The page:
Semantic Pose Verification for Outdoor Visual Localization With Self-Supervised Contrastive Learning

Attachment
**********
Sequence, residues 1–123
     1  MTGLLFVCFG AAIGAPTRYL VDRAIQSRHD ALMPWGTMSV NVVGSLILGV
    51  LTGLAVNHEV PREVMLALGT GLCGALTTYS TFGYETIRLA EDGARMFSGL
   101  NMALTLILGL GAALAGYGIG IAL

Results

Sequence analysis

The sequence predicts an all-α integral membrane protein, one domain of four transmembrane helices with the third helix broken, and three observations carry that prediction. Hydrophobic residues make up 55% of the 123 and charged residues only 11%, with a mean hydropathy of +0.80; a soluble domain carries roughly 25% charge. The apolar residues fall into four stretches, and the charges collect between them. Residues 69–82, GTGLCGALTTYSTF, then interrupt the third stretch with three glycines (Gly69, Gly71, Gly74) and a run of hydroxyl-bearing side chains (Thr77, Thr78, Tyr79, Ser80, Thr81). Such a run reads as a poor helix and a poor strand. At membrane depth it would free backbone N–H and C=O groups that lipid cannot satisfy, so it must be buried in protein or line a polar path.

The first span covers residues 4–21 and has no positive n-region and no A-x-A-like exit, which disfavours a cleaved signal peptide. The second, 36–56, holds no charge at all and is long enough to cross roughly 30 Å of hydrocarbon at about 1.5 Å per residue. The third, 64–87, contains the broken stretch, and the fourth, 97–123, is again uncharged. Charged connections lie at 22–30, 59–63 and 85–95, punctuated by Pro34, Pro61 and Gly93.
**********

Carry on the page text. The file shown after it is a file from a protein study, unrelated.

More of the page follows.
Any city-scale visual localization system has to overcome long-term appearance changes, such as varying illumination conditions or seasonal changes between query and database images. Since semantic content is more robust to such changes, we exploit semantic information to improve visual localization. In our scenario, the database consists of gnomonic views generated from panoramic images (e.g. Google Street View) and query images are collected with a standard field-of-view camera at a different time. To improve localization, we check the semantic similarity between query and database images, which is not trivial since the position and viewpoint of the cameras do not exactly match. To learn similarity, we propose training a CNN in a self-supervised fashion with contrastive learning on a dataset of semantically segmented images. With experiments we showed that this semantic similarity estimation approach works better than measuring the similarity at pixel-level. Finally, we used the semantic similarity scores to verify the retrievals obtained by a state-of-the-art visual localization method and observed that contrastive learning-based pose verification increases top-1 recall value to 0.90 which corresponds to a 2% improvement.